A conservation group wants to ask Utahns to pay about $7 annually each to help preserve open space.

The Utah Nature Conservancy and community leaders have started a campaign to get the topic on the statewide ballot. A political information committee called Utahns for Clean Air, Clean Water & Quality Growth has been organized to place a $150 million conservation bond on the 2004 ballot.

A diverse group is behind the open-space effort, including former U.S. Sen. Jake Garn, former state Sen. LeRay McAllister and Bud Scruggs, former chief of staff for former Gov. Norm Bangerter. The Nature Conservancy is also joined by Sportsmen for Fish and Wildlife members and farmers from throughout Utah.

"Those guys have a big jobs, and we understand that, but we don't have a lot of time," said Dave Livermore, executive director of the conservancy. Utah is losing watershed, farmlands and other sensitive areas to development.

"Utah's critical lands, our redrock canyons, mountain forests and clear lakes and streams are the foundation of our quality of life," reads the Web site www.utahlands2004.org. "Now, more than ever, we must act to protect these treasures while we still have time."

Utahns for Clean Air, Clean Water & Quality Growth must collect 76,180 signatures in 26 of 29 state Senate districts. Initiative campaigns must include public meetings, which are already under way.

The plan, which essentially increases the Utah sales tax .0005 percent over the next seven to eight years for open space, renews efforts by Democratic Rep. Ralph D. Becker of Salt Lake City, who unsuccessfully put the same proposal before his colleagues this winter. Organizers estimate Utahns would pay one cent on every $20 purchase as part of the campaign.

"I think the voters should have a chance to decide whether they want to invest in protecting some of our most precious lands for future generations with this modest contribution," said Becker, a planner and lawyer.

His HJR15 called for a November ballot referendum in which voters could authorize the Legislature to approve the issuance of $150 million in revenue bonds to preserve critical lands and habitats. The resolution made it out of committee with a one-vote margin but never made it to the House floor.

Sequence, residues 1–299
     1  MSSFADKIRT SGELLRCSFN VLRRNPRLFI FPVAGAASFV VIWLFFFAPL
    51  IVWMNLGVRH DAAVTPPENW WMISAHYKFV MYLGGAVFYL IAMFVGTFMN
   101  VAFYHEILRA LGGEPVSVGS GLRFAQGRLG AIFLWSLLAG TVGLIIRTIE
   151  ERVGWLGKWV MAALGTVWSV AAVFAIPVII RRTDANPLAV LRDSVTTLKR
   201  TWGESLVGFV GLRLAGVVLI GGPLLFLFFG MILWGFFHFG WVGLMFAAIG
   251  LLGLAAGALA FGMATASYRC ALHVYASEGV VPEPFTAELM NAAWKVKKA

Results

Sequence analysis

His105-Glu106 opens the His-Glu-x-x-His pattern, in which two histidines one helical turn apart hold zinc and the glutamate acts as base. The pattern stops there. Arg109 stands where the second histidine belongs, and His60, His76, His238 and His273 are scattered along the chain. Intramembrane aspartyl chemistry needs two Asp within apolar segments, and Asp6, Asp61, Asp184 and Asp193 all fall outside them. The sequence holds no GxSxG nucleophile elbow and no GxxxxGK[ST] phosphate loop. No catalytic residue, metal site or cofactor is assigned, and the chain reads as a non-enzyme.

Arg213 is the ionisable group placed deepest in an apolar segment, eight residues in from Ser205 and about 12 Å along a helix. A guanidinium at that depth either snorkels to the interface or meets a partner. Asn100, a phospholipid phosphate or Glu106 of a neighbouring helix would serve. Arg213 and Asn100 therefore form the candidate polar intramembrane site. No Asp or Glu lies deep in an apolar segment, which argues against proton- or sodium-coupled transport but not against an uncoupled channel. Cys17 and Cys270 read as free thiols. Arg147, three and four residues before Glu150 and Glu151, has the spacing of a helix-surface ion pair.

Salt Lake City and Park City have passed conservation bonds with 70 percent voter approval. And other states have committed millions to similar efforts: California has passed $3 billion in voter-approved bond measures and nearby Nevada about $200 million.

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In 1999, then-Gov. Mike Leavitt and GOP leaders passed the Utah Quality Growth Act and created the Quality Growth Commission to answer growth-related questions while protecting private-property rights. The commission was also charged with distributing "quality growth funds" to communities throughout the state, which it has done. Nearly 35,000 acres have been protected throughout Utah in projects requested by landowners and approved by the commission.

But four years later, the commission has not yet made any recommendations to the Legislature, and lawmakers have siphoned the LeRay McAllister Open Space Fund from $3 million to less than $500,000.

"The Legislature hasn't funded open space," said Lawson Legate of the Utah Sierra Club. "So this sounds like 'OK, well we need to go to Plan B.' "


E-mail: lucy@desnews.com

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